The harm wrecked upon victims of sexual abuse is real and damaging. That is not an excuse, however, for reckless, false, and misleading reporting about Catholic Church officials. Take the egregiously wobbly op-ed from Monday's Los Angeles Times, "O.C.'s wayward bishop" (10/1/07). (For those of you outside California and unfamiliar with the TV show a couple of years back, "O.C." stands for Orange County.)
Contributing editor Gustavo Arellano goes after Bishop Tod Brown of the Diocese of Orange in California. Arellano perceives a lack of openness by Brown in reporting about sexual abuse in the diocese. But Arellano's premise falls completely flat in light of a flagrant disregard for honest facts and fairness.
On Tuesday (5/29/07), we published this post. We wrote how a recent book review in the Los Angeles Times didn't bother to disclose that the author of the reviewed book, Gustavo Arellano, happens to be a contributing editor to the Times.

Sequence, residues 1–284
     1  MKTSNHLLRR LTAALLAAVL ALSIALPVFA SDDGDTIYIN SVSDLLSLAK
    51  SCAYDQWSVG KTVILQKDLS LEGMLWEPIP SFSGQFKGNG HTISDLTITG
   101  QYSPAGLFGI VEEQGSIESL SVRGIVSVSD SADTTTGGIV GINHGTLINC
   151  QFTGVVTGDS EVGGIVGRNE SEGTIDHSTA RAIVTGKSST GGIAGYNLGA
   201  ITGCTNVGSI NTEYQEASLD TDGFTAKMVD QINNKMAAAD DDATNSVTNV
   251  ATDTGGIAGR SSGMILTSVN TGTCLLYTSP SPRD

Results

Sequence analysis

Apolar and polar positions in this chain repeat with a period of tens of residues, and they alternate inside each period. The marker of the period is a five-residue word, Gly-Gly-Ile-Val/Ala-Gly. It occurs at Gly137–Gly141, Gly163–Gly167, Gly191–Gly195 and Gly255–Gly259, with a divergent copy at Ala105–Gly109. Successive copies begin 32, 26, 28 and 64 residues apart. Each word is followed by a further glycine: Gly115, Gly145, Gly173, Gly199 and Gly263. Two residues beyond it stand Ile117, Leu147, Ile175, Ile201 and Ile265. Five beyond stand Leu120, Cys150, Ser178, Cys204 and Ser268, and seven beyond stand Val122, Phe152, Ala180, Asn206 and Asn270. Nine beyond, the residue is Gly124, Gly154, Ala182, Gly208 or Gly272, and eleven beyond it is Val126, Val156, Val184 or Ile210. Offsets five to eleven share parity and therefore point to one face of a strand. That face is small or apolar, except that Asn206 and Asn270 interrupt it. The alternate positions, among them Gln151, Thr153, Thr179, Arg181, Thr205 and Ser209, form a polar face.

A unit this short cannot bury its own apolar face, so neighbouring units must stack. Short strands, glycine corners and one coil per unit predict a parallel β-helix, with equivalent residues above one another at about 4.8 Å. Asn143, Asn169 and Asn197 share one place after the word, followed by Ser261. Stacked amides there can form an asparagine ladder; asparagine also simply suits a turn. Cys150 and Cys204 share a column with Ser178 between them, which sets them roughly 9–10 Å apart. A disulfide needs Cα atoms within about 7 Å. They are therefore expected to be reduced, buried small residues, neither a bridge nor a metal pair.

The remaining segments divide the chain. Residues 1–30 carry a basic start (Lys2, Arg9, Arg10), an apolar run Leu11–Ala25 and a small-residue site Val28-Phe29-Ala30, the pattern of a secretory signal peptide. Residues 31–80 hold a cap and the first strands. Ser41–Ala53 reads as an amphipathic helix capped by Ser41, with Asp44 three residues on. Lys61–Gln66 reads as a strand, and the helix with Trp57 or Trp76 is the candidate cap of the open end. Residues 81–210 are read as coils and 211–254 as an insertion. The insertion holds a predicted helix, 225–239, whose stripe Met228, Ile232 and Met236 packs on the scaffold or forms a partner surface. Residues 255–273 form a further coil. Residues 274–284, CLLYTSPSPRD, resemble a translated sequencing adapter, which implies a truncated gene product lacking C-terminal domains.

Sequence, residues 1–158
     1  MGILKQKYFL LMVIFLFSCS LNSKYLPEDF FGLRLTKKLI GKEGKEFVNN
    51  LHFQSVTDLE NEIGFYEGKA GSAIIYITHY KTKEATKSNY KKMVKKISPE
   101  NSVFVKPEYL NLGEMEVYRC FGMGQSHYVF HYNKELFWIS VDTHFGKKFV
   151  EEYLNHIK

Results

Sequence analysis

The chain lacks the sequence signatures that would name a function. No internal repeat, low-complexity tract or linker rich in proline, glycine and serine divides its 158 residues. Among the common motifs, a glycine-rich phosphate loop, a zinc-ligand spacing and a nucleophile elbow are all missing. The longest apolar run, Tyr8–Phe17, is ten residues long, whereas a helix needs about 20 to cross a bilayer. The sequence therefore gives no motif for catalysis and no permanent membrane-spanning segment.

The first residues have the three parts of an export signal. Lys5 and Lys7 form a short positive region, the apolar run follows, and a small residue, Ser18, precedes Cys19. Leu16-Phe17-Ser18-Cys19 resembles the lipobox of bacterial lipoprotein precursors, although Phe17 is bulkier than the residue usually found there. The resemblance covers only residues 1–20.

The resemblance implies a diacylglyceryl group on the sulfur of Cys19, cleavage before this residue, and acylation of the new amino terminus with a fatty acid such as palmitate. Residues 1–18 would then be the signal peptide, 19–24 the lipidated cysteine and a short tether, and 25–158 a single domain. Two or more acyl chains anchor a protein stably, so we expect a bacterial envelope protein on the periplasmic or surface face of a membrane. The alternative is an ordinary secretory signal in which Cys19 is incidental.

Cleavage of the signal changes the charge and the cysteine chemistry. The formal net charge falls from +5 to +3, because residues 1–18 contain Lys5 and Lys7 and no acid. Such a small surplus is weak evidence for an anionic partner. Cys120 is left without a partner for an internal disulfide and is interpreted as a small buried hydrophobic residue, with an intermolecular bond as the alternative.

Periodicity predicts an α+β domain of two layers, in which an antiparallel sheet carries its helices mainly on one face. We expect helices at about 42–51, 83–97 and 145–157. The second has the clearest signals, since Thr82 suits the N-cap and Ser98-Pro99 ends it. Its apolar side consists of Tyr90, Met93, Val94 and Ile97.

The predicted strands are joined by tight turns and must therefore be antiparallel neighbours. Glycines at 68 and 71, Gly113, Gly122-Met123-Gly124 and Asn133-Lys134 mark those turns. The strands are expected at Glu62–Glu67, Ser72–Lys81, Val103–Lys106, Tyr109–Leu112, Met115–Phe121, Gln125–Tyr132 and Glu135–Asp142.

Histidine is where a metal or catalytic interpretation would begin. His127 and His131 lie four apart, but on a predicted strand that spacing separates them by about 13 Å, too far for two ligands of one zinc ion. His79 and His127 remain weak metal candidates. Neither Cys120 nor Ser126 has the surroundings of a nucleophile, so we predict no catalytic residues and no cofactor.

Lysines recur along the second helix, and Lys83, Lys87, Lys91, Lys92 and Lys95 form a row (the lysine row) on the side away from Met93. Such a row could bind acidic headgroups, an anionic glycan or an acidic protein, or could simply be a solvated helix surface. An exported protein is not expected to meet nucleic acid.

This morning I opened the Times to find this on page A2:
For the Record May 31, 2007
Mexican book: A review in Friday's Calendar section of Gustavo Arellano's book "¡Ask a Mexican!," a compilation of his columns by the same name for OC Weekly, should have added that Arellano is also a contributing editor to the Los Angeles Times' Opinion page.
Well! I guess the Times's "Readers' Representative" received my e-mail and read our article!
Kudos to the Times for acknowledging their lack of proper disclosure.
Gustavo Arellano got a book review in the Los Angeles Times that every writer dreams of. With glowing prose they dubbed his book ¡Ask a Mexican! as "hilarious and testy," "insightful," and "witty and fearless." "Arellano ... offer[s] much-needed common sense," added the Times. A nice color photo of Arellano accompanies the review. (See an image of the article here.) Sounds great, doesn't it?
So ... What's the problem? Nowhere in the review does the paper bother to disclose that Arellano is a contributing editor to the Times. For the paper he has penned no less than ten columns in the last 11 months, including a book review that was published only a couple of weeks ago.
In other words, Arellano had about as much chance of receiving a negative review as it snowing in Santa Monica this week.